This study addresses the process through which, during the 1920s, Metaphysical painting was appropriated by some Italian decorators. I assume that they actively responded to the novelties that were introduced by artists such as Giorgio de Chirico, Carlo Carrà, Mario Sironi, and Giorgio Morandi, reflecting upon them and, when considered effective, adapting them for their own purposes. By doing so, they contributed to the definition of a particular Italian visual culture, which today we associate with the interwar period, and which had Metaphysical painting as one of its main references.
“Positively the only person who is really interested in the show”: Romeo Toninelli, Collector and Cultural Diplomat Between Milan and New York
Romeo Toninelli was a key figure in the organization of Twentieth-Century Italian Art, and given the official title of Executive Secretary for the Exhibition in Italy. An Italian art dealer, editor, and collector with an early career as a textile industrialist, Toninelli was not part of the artistic and cultural establishment during the Fascist ventennio. This was an asset in the eyes of the James Thrall Soby and Alfred H. Barr, Jr., who wanted the exhibition to signal the rebirth of Italian art after the presumed break represented by the Fascist regime. Whether Toninelli agreed with this approach we do not know, but he played a major part in the tortuous transatlantic organization of the show. He acted as the intermediary between MoMA curators and Italian dealers, collectors, and artists, securing loans and paying for the shipping of the artworks. He also lent several works from his collection, and arranged for the printing of the catalogue. A recent collector and gallery owner, Toninelli was mistrusted by many Italian critics and collectors, who suspected him of having commercial motives. Yet he arranged the practical side of the operations while intervening little in the decision-making about which artists to include – exactly as MoMA wanted.
Analyzing Toninelli’s role in organizing the pioneering display of Italian modernism at MoMA provides important insights into transatlantic cultural exchanges between Italy and the U.S. in the postwar period, and illuminates critical fractures of the Italian art system in the aftermath of Fascism. Were native-born critics and artists obliged to hand the narrative of modern Italian art over to outsiders who had not been compromised by the Fascist regime, or were they entitled to an account independent from the modernist vulgate promoted by MoMA?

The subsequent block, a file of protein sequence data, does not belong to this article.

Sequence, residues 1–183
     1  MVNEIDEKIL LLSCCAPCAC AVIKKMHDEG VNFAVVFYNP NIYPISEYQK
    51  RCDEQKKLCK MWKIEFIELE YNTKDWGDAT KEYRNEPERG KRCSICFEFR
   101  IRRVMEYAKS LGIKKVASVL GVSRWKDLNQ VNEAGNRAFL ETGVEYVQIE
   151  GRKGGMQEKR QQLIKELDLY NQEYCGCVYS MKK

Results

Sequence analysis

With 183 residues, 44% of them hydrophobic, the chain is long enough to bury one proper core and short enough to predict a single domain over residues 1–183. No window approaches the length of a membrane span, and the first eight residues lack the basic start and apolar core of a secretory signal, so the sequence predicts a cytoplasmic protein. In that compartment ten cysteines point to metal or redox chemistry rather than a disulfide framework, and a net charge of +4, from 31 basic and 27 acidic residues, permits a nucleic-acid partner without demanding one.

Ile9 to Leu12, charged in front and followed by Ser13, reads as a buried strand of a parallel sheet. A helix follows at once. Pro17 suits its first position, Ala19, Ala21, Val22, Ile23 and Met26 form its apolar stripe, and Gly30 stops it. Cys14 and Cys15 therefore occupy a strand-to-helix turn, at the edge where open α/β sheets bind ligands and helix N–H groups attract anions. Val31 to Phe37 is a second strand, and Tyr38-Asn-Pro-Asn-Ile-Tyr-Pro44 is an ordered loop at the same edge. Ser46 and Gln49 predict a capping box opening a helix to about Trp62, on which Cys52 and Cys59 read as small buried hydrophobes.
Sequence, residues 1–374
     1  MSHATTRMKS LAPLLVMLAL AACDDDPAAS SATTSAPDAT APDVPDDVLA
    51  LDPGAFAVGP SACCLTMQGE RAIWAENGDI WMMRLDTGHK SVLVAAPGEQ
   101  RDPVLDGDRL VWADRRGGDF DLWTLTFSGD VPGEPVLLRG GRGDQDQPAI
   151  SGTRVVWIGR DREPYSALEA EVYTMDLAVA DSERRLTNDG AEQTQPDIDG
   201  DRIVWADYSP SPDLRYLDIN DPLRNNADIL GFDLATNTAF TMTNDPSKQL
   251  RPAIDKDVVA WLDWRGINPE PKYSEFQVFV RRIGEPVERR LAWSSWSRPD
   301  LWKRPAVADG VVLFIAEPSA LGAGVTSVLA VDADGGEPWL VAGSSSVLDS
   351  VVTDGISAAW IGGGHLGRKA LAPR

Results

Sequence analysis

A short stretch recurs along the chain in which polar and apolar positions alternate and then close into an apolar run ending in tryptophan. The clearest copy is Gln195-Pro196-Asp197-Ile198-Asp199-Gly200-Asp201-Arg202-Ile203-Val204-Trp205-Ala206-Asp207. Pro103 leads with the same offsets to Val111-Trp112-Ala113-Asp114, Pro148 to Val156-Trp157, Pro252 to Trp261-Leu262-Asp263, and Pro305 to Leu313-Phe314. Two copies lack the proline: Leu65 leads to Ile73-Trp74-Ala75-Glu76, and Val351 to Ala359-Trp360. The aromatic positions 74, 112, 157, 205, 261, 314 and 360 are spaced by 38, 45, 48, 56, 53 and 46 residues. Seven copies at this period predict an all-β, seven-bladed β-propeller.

Collecting art is usually seen as an individual occupation, motivated by personal passion, desire to possess, and economic investment. This paper suggests that there are social aspects of collecting that need to be considered as well. These aspects can lead to a form of “friendly competition” among local collectors. This is evident in the case of St. Louis and the collecting of postwar Italian art. Through interviews with family members and research into archival materials, this paper traces the identities of collectors (Pulitzer, Weil, Shoenberg, May, and Bernoudy) and examines the mechanisms through which productive rivalries arose. It concentrates on the collections of the Kemper Art Museum and the Saint Louis Art Museum, where one finds similar-looking works by Alberto Burri, Afro, and Marino Marini, made in the same years and bought by local collectors in the same period.
What were the relationships and connections that developed between St. Louis collectors of postwar art? How did this web develop into a community or social group, and how did this lead to donations of works to local museums? What were the relationships between these collectors and the 1949 MoMA exhibition Twentieth-Century Italian Art and its organizers? How did MoMA shows, prepackaged for further exhibition in the Midwest, influence collectors’ tastes? How did travel abroad to exhibitions such as the Venice Biennale affect acquisition habits? Whose opinion did the collectors trust and which dealers did they buy from? Such questions and their ramifications are discussed before the paper concludes with a consideration of the process through which St. Louis collectors were identified in Harold Rosenberg’s 1965 Esquire article on tastemakers in the field of contemporary art.